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Quick Take: Percent Exposure Donchian Channel Method

August 10, 2009

Note: Quick Takes will be short articles introducing new ideas or concepts that haven’t been tested. It is designed to help inspire your own personal systems. If you wish to demonstrate the results of Quick Takes ideas, your results will be published on this site subject to verification.

I have always been fascinated by Donchian Channels as they were the core method used by the legendary turtle traders to achieve their success.  Channels are simply bands containing the “n” day high bounded by the “n” day low . They can be seen visually on  using their sharp charts by selecting the “price channel.”  I noticed that the larger the channel that the stock is currently in, the more likely the trend was to continue. In my own work on ranking stocks, i include a % distance from 52-wk high as part of the momentum factor which does in fact add a fair amount of value to the overall score. Many systems using channels to trade a wide variety of futures and indexes are still robust, even during the new mean reversion era. 

What is missing from all of the research that i have ever seen is a percent exposure method to catching trends. Wouldn’t it be smart to increase leverage and exposure as the move becomes confirmed? Most models are either all in or all out, that is why it is difficult to design short-term trend systems. The frequently incorrect signals given by shorter trend signals are too costly using a full bet size. More importantly, signals generated by short-term models  that are counter to the longer term trend are more likely to be incorrect or have a poor profit factor.

The question is how do we use this information? First, lets describe  how to trade channels: Exits and entries are determined by new channel penetration. That is, a new 50-day high for example would initiate a new long position after a previous 50-day low had been triggered without a 50-day high prior to that. Once a new entry is triggered, you would exit at a channel low that is half of the original channel length. That is, if you entered on a 20-day high, you would exit on a 10-day low, and so-on.

I think there are four concepts that should be stated from my observations regarding channels:

1) the 200 day channel position dictates the main trend: you will have to trace back on the chart to find the first penetration from long to short or vice versa to figure out what the main trend is.

2) smaller channels (a minimum of 20 days-5o days) can be used to trade within the main trend with less risk using a 2 ATR initial stop to minimize potential losses.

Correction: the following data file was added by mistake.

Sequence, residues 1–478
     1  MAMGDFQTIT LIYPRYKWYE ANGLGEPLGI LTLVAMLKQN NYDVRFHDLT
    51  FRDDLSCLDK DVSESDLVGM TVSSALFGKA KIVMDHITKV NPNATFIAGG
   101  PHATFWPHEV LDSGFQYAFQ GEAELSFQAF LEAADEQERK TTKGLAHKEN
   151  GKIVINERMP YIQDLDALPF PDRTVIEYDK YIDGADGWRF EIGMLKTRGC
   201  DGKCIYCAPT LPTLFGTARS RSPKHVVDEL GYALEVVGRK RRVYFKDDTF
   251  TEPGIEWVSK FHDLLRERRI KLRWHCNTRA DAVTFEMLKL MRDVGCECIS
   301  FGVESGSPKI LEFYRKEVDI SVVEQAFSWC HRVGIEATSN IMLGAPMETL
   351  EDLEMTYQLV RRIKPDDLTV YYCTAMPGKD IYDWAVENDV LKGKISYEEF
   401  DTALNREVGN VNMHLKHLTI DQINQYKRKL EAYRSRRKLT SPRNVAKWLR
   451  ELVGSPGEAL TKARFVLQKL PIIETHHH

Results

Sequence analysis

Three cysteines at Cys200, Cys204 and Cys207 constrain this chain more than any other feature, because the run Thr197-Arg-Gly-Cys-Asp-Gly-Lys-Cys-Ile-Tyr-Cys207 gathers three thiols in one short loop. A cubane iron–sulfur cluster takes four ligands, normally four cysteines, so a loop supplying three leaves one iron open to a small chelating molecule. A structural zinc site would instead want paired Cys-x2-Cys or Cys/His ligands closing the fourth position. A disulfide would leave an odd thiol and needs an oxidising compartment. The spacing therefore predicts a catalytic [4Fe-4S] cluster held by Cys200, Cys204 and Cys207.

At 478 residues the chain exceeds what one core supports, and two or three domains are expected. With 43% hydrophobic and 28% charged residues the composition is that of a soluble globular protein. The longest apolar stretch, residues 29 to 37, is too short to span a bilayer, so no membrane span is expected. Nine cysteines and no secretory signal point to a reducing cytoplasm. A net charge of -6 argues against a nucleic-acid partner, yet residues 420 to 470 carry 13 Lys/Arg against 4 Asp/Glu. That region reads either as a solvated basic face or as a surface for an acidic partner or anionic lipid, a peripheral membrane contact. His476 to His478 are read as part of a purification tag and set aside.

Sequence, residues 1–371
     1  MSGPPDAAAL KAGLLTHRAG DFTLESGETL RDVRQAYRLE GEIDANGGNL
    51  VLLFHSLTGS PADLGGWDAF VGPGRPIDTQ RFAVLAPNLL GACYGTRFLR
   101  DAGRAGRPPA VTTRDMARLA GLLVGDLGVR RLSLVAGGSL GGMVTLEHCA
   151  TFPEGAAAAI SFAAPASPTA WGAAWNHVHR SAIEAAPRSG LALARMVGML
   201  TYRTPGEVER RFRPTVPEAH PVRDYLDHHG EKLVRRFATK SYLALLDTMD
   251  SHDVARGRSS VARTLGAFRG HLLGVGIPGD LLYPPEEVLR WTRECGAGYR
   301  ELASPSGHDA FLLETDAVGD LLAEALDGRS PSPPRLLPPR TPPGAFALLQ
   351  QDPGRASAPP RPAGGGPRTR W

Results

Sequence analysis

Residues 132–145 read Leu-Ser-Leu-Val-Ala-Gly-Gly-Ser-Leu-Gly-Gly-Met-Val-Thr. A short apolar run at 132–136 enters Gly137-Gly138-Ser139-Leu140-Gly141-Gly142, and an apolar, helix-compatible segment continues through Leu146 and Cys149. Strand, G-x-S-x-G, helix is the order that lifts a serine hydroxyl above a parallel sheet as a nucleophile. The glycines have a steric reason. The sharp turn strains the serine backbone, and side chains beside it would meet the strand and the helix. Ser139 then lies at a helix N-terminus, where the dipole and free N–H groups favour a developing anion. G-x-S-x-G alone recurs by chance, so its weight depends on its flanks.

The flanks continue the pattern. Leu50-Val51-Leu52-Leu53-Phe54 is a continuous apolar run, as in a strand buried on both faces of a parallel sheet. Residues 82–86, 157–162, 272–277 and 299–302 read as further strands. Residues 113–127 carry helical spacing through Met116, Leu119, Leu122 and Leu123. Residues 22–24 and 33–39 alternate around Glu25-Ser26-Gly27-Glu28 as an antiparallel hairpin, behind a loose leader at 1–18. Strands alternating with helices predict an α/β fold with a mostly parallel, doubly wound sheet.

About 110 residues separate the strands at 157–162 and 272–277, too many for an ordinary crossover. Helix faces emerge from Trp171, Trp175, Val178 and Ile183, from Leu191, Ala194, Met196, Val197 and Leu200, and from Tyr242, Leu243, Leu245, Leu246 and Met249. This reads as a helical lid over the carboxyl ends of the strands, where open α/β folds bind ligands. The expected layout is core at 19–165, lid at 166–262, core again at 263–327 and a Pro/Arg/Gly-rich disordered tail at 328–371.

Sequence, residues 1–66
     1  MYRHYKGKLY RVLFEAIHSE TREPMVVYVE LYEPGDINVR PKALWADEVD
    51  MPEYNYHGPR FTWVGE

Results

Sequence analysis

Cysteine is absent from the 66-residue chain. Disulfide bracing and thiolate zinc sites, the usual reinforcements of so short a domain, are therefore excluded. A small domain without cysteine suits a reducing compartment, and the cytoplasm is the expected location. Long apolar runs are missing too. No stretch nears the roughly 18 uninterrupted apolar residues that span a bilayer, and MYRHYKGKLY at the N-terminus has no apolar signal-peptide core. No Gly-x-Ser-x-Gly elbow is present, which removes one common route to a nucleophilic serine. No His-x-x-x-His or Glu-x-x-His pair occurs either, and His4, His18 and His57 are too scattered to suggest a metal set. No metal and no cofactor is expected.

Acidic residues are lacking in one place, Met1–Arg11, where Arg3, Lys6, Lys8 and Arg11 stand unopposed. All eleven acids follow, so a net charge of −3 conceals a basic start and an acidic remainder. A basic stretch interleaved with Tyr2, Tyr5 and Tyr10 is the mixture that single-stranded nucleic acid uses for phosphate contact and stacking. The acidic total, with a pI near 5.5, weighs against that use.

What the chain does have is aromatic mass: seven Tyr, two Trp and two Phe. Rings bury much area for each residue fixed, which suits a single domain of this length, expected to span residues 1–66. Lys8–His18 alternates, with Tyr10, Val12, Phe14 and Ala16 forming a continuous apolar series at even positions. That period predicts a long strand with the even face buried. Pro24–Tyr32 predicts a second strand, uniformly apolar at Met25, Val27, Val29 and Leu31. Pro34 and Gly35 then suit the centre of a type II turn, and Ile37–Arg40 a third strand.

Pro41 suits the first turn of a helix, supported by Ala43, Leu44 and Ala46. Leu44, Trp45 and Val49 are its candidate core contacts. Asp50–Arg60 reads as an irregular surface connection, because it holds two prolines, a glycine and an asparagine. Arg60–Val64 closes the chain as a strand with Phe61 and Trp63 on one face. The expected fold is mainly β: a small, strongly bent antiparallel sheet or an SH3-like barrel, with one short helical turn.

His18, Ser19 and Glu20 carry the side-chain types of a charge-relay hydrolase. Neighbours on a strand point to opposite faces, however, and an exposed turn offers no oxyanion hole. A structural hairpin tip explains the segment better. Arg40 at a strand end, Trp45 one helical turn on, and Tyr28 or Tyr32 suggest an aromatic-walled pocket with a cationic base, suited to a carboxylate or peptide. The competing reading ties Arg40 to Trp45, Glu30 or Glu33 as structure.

3) when trading counter to the prevailing trend, whatever the minimum channel length is in #2 you should use double that length as a trigger— so in this case to enter countertrend in bear markets you would use a 40-day channel, and the same applies to bull markets.

4) when trading counter to the prevailing trend….bet only half as much as when you are with the prevailing trend.

Ok, that is the basic framework. Lets figure out how we can scale in and out of a trend using channels. It makes sense to bet less on small channels, and more on larger channels. Note that when trading countertrend, you would bet half of these amounts:

1) 20% might be bet on a new breakout that is a 20-day high within the prevailing trend

2) 30% more might be bet on a new breakout that is a 50-day high within the prevailing trend

3) 50% more might be bet on a new breakout that is a 100-day high within the prevailing trend

This strategy provides us with a safe mechanism to add and subtract exposure, even when going counter to the main trend. I haven’t tested this out yet, as i have a long and large list. For anyone new to the blog…….this isn’t my core research area (designing stock rankings). But if you do test it out, let me know. I would be pleased to present your results.


3 Comments leave one →
  1. August 11, 2009 8:51 am

    Good stuff. I’ve done some testing on adding leverage when trading with the trend (one could just add exposure rather than leverage and achieve the same result) and it worked well over the model I tested.

    Could you be more specific about calculating the percentages? When you say 20%, are you meaning 20% of available equity? What about a percent risk model where we start at 1% and ratchet up to 2 or even 3% based on the size of the channel and the prevailing trend?

    • david varadi permalink*
      August 11, 2009 9:54 am

      hi, the percentages refer to % of equity, a percent risk model could be combined with this by averaging the two values. Or to be very conservative, and consistent with the logic in the article you would multiply the % risk model by the %exposure. I would base the % risk based on volatility using 2 ATRs as an initial stop. Its something worth testing using multiple scenarios. Good suggestion.



  1. Percentile Channels: A New Twist On a Trend-Following Favorite | CSSA

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